Filmmaker Dee Rees (a protégé of Spike Lee) has expanded on and refashioned her quasi-autobiographical 2007 short film Pariah for her feature debut—and a pretty terrific debut film it is. It’s smart, heartfelt, savvy, beautifully acted—and clever enough at 86 minutes not to overstay its welcome. It also has the good sense to inject a certain amount of (not always entirely comfortable) humor. And possibly the best thing about the film is that it feels at least a little bit like an independent film from the days when that label wasn’t interchangeable with mean, drab-looking, dreary, dour dramas.
The film stars Adepero Oduye (who played the role in the short) as Alike (ah-lee-kay), a Brooklyn teenager, a good student and a hopeful poet with a solid middle-class family. Alike is also a closeted lesbian who is not only stifled by a life that causes her to “feminize” herself on her way home, but also by the fact that she’s never had any kind of sexual relationship. Her parents, Audrey (Kim Wayans) and Arthur (Charles Parnell), are in a state of what can best be called willful denial. Yet, it’s clear that they really know what the score is—why else is Audrey so dead set against Alike having the obviously lesbian Laura (Pernell Walker, also reprising her short-film role) for a friend?—but the issue is scrupulously avoided in a kind of “ignore-it-and-maybe-it-will-go-away” manner.
For that matter, Alike—aware that Laura’s own mother has completely disowned her daughter—is neither anxious to out herself, nor is she wholly comfortable with Laura’s lesbian-nightclub scene. Alike resents her own mother’s intrusion into her life by trying to fix her up with a more “appropriate” (mom thinks) friend, the daughter of one of her churchgoing friends. Resent it all she likes, she still puts up with it because there’s simply not much choice. Imagine her surprise when this daughter, Bina (Aasha Davis), turns out to be completely different than Alike expects. This creates a situation more disillusioning, even more heartbreaking, than her original fears—but it’s exactly the kind of pitfall apt to ensnare any relationship novice, gay or straight.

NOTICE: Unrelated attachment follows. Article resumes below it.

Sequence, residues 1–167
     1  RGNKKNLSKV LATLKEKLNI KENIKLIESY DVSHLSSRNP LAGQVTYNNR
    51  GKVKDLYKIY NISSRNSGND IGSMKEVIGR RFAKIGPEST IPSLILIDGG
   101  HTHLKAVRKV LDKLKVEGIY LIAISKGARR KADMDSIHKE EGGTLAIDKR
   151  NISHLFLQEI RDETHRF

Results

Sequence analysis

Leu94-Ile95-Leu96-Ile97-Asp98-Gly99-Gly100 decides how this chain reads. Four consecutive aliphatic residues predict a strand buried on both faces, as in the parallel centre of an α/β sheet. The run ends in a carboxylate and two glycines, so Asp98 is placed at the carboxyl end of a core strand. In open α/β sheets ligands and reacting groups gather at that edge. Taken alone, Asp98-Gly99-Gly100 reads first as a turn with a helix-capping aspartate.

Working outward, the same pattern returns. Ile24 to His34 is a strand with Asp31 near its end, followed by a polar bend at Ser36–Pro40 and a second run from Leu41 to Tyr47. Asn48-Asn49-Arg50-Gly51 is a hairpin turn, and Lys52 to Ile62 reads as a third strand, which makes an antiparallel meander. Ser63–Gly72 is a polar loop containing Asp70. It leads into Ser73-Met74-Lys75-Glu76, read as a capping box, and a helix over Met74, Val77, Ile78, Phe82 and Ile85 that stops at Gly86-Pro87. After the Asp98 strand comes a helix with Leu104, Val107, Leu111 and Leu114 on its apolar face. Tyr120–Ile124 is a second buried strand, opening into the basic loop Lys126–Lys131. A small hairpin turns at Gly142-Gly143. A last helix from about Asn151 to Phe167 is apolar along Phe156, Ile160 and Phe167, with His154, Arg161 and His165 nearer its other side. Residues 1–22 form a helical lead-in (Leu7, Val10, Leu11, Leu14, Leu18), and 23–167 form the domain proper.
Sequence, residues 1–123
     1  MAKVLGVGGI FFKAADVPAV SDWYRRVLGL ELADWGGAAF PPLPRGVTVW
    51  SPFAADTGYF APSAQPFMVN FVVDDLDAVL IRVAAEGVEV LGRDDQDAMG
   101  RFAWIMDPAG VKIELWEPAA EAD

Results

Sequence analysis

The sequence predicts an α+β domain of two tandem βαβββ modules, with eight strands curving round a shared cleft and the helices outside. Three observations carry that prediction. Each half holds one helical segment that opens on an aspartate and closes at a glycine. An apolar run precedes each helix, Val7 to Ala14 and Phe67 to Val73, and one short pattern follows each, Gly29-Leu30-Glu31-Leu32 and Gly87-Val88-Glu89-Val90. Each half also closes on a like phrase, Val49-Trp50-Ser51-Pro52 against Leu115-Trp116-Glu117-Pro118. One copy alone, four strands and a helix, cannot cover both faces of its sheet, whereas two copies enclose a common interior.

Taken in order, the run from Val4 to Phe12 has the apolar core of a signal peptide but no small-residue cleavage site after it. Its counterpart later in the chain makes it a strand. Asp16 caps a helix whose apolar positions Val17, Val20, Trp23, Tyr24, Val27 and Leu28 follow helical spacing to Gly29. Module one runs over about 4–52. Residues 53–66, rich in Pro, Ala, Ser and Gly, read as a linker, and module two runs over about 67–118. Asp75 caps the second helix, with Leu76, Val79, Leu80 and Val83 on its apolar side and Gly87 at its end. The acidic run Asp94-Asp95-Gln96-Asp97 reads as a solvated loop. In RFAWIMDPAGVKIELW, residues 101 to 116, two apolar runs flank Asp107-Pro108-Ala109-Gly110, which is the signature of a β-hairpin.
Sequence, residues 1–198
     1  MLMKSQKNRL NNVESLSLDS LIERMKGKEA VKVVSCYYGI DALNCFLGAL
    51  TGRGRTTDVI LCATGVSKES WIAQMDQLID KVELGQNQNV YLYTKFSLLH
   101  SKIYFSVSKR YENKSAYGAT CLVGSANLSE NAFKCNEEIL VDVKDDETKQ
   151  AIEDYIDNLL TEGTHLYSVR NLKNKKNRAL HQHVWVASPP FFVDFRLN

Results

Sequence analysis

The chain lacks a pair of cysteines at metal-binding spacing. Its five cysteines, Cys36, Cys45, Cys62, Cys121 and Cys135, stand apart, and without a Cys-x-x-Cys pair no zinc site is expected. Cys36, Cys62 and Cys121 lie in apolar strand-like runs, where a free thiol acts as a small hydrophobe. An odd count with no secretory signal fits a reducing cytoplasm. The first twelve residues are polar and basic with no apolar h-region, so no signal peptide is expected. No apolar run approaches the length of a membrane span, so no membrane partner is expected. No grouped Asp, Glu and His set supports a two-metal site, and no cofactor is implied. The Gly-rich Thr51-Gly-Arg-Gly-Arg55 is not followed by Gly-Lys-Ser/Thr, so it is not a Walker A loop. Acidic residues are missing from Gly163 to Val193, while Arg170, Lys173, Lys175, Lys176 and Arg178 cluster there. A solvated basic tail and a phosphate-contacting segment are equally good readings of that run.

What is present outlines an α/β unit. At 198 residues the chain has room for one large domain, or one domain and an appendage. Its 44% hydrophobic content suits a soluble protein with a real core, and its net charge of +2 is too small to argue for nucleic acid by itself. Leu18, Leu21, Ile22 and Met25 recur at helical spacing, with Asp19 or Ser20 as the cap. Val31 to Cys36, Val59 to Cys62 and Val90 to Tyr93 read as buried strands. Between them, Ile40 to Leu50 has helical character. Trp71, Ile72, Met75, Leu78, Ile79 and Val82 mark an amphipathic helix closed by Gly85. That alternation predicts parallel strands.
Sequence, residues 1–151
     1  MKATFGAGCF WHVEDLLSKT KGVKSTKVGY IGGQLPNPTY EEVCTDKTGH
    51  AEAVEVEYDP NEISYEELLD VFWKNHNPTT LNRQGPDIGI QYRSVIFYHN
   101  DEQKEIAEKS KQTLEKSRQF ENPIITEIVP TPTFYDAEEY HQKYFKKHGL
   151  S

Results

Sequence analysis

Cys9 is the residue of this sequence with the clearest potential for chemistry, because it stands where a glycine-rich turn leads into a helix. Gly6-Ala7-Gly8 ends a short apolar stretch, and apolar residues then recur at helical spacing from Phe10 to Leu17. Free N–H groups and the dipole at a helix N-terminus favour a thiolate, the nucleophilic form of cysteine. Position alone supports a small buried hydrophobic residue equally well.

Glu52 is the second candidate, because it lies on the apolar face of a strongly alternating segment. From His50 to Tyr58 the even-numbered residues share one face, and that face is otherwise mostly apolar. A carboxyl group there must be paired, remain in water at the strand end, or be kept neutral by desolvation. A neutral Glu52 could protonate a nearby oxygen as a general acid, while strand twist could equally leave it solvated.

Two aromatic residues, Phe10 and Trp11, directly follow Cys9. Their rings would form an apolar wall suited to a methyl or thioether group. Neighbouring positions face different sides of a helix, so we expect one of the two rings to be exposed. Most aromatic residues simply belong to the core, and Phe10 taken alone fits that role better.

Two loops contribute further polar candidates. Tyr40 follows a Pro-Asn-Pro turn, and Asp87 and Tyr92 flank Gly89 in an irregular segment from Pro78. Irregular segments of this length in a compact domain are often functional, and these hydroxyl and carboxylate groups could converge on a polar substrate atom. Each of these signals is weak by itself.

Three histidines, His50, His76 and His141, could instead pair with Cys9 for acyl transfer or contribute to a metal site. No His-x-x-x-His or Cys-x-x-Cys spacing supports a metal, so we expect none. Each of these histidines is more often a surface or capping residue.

You’re probably thinking that both coming-of-age and coming-out movies have been done to death one way or another. Whether or not that’s true, I have to say I’ve never seen either one done quite the way Pariah is. There’s a freshness and vibrancy here—and it also gets into an area that I’m not sure has ever been as directly addressed as it is here. I refer to the aspect of a mother whose religious convictions preclude any degree of acceptance of or further interest in her daughter—apart from praying for her—once the truth comes out. This is where I think Roger Ebert errs in his belief that the word “pariah” is too “loaded” a word for the title, because as far as Alike’s mother is concerned that is exactly what Alike is—and, unfortunately, she isn’t alone in that perception. See this often-remarkable little film. Rated R for sexual content and language.